And Chief Justice John Roberts, most of all, dismissed the modern attempts to quantify partisan gerrymandering: “It may be simply my educational background, but I can only describe it as sociological gobbledygook.” This was tough talk — justices had only uttered the g-word a few times before in the court’s 230-year history.2 Keep in mind that Roberts is a man with two degrees from Harvard and that this case isn’t really about sociology. (Although he did earn a rebuke from the American Sociological Association for his comments.) Roberts later added, “Predicting on the basis of the statistics that are before us has been a very hazardous enterprise.” FiveThirtyEight will apparently not be arguing any cases before the Supreme Court anytime soon.

The justices, apparently, didn't read the mathematical issues and decide they didn't agree with the conclusions, apparently they found the math too hard and they chose to ignore it on the theory that handling the issues according to the lore of the law could come out with some kind of more predictably secure decision on the basis of legal lore.  Considering the willingness of the Roberts Court to push aside even long standing precedent with a 5/4, partisan majority, something which is expected to become worse when the Republicans rubber stamp the replacement for Kennedy, asserting the reliability of such methods is contradicted by the very actions of the court.  Oh, yes, and the case, the court decided not to deal with the math, throwing the case out on the basis of no-standing by the plaintiffs.  The part that a phobia for math played in that is unknowable but as someone who has tutored in math, I know the tactic.

Obviously, we need a court with justices who can do the math.  We don't have one.  I wouldn't be upset if, as one lawyer-blogger proposed a while back, that the next time a Democrat had a Democratic Senate that they do what Franklin Roosevelt did when he was faced with a court as partisan and arrogant as the ones we have now, pack the court.   I would use the issue of mathematical and technical incompetence of many, if not most of the members of the court who can't, possibly understand the issues before them as one of the reasons justifying the decision.  Unlike the powers the court created for itself, there is nothing in the Constitution that would make such an act by the president of questionable legitimacy.  The whining of justices about the workload they face is a justification for expanding the court which could have panels of nine justices hear cases, though the mathematically incompetent shouldn't ever be allowed to hear issues that hinge on mathematical questions.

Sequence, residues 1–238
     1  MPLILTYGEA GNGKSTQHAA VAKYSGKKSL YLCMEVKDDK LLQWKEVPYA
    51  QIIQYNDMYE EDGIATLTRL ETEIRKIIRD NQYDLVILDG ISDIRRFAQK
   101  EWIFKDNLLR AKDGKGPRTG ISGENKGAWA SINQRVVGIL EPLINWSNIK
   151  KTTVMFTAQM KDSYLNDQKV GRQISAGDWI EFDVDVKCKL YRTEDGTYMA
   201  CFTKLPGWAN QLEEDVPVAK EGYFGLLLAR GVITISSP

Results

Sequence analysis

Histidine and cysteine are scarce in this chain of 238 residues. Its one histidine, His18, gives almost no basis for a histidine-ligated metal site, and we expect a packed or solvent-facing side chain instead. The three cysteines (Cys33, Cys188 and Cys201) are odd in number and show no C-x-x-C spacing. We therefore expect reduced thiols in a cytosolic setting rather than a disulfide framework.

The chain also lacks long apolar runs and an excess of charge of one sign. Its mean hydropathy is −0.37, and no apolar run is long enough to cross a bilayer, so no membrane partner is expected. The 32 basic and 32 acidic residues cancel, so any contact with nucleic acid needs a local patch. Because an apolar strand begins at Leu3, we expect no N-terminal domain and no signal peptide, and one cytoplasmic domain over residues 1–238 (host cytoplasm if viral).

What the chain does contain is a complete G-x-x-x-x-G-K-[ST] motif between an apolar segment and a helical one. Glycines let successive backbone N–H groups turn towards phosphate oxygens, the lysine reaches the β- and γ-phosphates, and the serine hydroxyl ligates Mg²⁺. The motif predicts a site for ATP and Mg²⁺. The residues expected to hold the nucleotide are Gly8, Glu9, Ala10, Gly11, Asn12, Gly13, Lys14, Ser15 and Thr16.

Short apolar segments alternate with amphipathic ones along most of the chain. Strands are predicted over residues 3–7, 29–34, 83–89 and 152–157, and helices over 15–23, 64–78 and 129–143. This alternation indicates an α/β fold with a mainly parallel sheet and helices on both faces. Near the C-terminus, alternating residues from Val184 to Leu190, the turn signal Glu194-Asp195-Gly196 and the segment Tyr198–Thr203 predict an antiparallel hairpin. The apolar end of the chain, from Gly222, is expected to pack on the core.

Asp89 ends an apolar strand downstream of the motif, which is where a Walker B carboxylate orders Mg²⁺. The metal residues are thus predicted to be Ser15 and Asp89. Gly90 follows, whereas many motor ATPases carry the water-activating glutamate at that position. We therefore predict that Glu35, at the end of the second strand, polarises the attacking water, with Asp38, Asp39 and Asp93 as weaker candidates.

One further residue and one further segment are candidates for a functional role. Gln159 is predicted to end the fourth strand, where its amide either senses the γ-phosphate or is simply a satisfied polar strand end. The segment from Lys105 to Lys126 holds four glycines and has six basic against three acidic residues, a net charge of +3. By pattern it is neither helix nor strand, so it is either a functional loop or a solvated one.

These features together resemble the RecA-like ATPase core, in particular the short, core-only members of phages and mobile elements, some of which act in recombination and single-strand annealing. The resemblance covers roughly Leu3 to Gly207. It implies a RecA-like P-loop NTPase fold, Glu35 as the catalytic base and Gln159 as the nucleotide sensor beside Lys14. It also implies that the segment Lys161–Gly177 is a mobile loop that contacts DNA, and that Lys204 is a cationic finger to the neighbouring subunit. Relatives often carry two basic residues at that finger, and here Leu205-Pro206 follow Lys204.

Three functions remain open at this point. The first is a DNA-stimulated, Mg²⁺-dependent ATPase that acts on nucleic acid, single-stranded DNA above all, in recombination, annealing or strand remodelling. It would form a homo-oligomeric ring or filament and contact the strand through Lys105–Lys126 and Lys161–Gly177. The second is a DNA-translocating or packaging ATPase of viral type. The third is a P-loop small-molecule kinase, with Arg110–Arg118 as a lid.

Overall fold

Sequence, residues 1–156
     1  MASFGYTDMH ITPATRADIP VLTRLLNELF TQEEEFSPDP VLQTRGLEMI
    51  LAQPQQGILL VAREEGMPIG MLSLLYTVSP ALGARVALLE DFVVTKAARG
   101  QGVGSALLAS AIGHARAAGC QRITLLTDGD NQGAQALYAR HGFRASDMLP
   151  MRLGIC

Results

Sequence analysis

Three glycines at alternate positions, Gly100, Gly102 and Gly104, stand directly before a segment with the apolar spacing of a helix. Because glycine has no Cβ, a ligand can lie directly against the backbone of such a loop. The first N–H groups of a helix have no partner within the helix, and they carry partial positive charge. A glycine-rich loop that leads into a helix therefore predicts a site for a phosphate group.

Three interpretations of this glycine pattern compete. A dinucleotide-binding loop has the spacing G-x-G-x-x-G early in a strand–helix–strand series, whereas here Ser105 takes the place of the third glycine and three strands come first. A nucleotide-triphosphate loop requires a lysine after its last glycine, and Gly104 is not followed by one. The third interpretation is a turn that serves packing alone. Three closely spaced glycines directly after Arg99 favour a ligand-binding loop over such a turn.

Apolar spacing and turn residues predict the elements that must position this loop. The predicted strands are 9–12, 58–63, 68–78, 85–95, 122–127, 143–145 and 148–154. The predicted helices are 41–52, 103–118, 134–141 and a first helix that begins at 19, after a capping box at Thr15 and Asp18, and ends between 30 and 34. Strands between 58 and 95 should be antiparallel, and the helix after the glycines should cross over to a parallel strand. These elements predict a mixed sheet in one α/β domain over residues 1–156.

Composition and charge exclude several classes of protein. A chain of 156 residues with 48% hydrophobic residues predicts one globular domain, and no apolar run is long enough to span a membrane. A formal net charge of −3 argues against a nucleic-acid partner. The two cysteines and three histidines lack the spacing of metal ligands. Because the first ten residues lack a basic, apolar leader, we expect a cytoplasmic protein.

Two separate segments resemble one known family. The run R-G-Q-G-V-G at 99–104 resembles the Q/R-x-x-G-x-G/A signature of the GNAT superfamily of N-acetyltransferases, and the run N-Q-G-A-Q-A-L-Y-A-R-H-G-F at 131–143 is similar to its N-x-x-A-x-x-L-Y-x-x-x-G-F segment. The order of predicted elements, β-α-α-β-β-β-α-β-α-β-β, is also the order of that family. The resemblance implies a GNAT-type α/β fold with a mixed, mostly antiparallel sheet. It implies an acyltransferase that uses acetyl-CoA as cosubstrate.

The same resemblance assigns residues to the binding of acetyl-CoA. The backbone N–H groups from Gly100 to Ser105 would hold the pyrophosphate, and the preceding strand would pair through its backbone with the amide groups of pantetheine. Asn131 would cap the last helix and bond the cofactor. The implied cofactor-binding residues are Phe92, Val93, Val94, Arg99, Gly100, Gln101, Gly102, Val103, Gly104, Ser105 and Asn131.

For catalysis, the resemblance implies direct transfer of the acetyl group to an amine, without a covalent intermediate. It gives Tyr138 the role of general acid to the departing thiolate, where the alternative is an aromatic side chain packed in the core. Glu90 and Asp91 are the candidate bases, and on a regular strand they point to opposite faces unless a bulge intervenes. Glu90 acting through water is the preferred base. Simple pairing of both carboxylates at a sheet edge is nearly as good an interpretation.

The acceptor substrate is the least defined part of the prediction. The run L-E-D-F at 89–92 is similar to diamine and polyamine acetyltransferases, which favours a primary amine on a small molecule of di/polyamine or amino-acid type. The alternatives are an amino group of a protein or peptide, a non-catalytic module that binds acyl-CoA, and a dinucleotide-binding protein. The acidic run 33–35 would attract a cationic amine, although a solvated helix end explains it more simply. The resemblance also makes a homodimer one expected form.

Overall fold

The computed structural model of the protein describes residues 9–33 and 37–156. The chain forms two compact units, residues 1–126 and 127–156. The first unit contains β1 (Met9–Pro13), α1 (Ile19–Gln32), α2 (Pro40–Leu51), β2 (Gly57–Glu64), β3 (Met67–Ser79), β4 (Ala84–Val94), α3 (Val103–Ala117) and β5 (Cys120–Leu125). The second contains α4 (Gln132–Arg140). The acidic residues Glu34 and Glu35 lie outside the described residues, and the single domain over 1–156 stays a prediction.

The Supreme Court as it is now is an anachronistic early 19th century institution that obtained much of its role extra-Constitutionally, through their own fiat.  The doctrine that the Court can throw out legislation on the basis of it being unconstitutional, the reason that we mere plebs who paid attention in American History sort of know that Marbury v Madison is a thing, appears nowhere in the Constitution.   That self-assumed power of the Court might have been tolerable in a court that knew the legitimacy of the court could be brought into question by the outrageous further usurpation of power.   Under the Rehnquist and now Roberts Courts, we've reached that point.  As I said, it should have been considered when Republicans who had the lack of honor, of honesty that the Bush v Gore majority proved they had should have been the majority that was the last straw.  If liberals hadn't been so gulled into falling for an unjustifiable and unrealistic cult of Court sanctimony, something they learned from history as phony as it comes, they would have started playing hardball with a court which had become what it has been most of the years of its existence, a thoroughly political institution that, as Louis Boudin said, favors the rich over the poor, the established power over the People in most of its actions.

That lack of push-back by liberals has lulled the members of the court into feeling too secure that they can take the most outrageous actions and that people will just figure that they have to go along with it because THE COURT HAS SPOKEN!  The members of the Supreme Court need to feel a lot more insecure than they do,  one way to do that would be to impeach and remove members of it more often.  I have no doubt that a Republican-fascist congress would do such a thing so there would be little to lose from a Democratic congress doing the same.   I would make the rampant and arrogantly demonstrated conflicts of interest on cases they heard the issue.  Scalia would have had his fat ass impeached, and Alito, Thomas and Gorsuch have certainly taken actions that stink of it.   I wouldn't be at all upset if they started impeaching them for lying to th Senate during their confirmations, those lies they tell so baldly when everyone in the room knows they're lying through their teeth.

Earl Warren died a long, long time ago.  And those rulings that comprise his legendary legacy, as with John Marshall, a lot of those were a lot less great than their publicity leads suckers to believe.